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The Last Tycoon (Penguin Modern Classics) by…
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The Last Tycoon (Penguin Modern Classics) (original 1941; edition 2002)

by F. Scott Fitzgerald, Edmund Wilson (Editor)

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1,657124,345 (3.49)37
Member:FeidhlimM
Title:The Last Tycoon (Penguin Modern Classics)
Authors:F. Scott Fitzgerald
Other authors:Edmund Wilson (Editor)
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Collections:Your library
Rating:****
Tags:Jazz Age, American, Hollywood,

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The Last Tycoon by F. Scott Fitzgerald (1941)

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» See also 37 mentions

Showing 1-5 of 12 (next | show all)
It's too bad this was never finished. I think this would have been my favorite Fitzgerald book. Even incomplete, I like it better than anything else I have read. This is a simple yet complicated story about love. She loves him. He loves someone else. That someone else is set to marry anyone else but him. Classic love square. You have to feel sorry for Monroe Stahr. He is lovestruck by a woman who strongly resembles his deceased wife. As a man in the movie business he has the money and the power to woo Kathleen into a brief relationship, even despite the fact she is engaged to be married to someone else. Meanwhile, there is young Cecilia, a junior at Bennington College, just willing Stahr to look at her, to notice her. It is her voice that tells the entire story. Fitzgerald explains the first and third person narrative. What Cecilia is not witness to, she imagines. "Thus, I hope to get the verisimilitude of a first person narrative, combined with a Godlike knowledge of all events that happen to my characters" (p 164). ( )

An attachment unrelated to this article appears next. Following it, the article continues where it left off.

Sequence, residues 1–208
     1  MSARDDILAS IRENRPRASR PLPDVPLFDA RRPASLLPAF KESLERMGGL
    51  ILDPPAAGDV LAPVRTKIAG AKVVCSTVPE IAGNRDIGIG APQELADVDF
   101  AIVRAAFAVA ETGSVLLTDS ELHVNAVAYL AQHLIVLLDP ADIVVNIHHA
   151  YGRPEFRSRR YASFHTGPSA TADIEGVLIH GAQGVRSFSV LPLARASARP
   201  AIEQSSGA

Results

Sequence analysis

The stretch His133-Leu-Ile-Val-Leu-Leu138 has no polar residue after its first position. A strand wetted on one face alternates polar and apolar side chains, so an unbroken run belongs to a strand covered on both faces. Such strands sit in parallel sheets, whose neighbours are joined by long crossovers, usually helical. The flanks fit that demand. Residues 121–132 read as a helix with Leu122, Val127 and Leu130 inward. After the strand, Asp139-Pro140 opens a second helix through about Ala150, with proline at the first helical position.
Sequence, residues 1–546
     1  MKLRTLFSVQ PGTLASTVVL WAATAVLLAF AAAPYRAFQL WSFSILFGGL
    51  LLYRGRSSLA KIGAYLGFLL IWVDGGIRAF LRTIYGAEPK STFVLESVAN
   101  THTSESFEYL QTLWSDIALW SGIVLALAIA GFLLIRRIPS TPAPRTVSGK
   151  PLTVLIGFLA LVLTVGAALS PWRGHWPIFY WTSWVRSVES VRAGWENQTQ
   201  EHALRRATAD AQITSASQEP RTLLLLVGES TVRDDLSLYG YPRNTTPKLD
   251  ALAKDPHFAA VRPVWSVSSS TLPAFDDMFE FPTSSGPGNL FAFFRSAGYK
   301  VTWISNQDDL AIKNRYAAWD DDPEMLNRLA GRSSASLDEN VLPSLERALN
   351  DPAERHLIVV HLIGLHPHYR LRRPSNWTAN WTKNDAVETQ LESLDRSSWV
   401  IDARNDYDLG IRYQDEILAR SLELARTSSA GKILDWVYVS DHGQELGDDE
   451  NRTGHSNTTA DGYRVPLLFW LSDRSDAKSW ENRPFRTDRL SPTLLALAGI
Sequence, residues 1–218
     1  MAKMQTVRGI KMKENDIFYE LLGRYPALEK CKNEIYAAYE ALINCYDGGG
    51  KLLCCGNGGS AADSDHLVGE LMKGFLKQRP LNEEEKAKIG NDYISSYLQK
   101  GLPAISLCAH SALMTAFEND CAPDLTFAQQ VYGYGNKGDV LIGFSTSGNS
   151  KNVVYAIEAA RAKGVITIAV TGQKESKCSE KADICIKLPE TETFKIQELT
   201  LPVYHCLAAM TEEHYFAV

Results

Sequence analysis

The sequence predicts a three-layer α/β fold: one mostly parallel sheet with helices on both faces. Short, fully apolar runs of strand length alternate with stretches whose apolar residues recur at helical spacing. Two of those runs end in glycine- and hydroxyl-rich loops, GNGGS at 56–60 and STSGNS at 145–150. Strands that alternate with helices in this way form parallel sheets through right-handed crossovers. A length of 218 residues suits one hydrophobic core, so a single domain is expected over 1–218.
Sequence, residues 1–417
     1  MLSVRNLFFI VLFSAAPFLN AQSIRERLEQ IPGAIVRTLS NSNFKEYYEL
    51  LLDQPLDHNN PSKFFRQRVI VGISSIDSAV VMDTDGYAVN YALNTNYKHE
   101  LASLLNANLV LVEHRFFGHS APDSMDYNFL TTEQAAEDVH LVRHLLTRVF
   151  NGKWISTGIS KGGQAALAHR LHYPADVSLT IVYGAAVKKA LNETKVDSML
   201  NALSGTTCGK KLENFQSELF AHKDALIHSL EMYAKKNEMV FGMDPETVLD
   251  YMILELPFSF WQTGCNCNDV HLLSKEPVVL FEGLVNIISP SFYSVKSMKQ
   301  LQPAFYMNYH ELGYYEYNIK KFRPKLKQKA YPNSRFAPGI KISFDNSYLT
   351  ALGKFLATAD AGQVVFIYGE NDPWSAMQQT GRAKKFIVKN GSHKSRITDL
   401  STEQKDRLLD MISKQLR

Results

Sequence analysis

SeriousGrace | Sep 29, 2014 |
A great pity that it is unfinished. ( )
  AprilAnn0814 | Apr 15, 2014 |
First, I was surprised that Fitzgerald chose a woman as his narrator; a different tack from Gatsby, Tender is the Night, etc. (However, if I remember correctly, some of his short stories were from the point of view of young women - written in the third person, if not first.) It has been a long time since I read Tender is the Night and even longer since The Beautiful and Damned, but I remember thinking that those seemed like variations on, or distorted versions of, Gatsby's perfection and its themes. The Last Tycoon, though unfinished (tragically), is closer to Gatsby in its quality.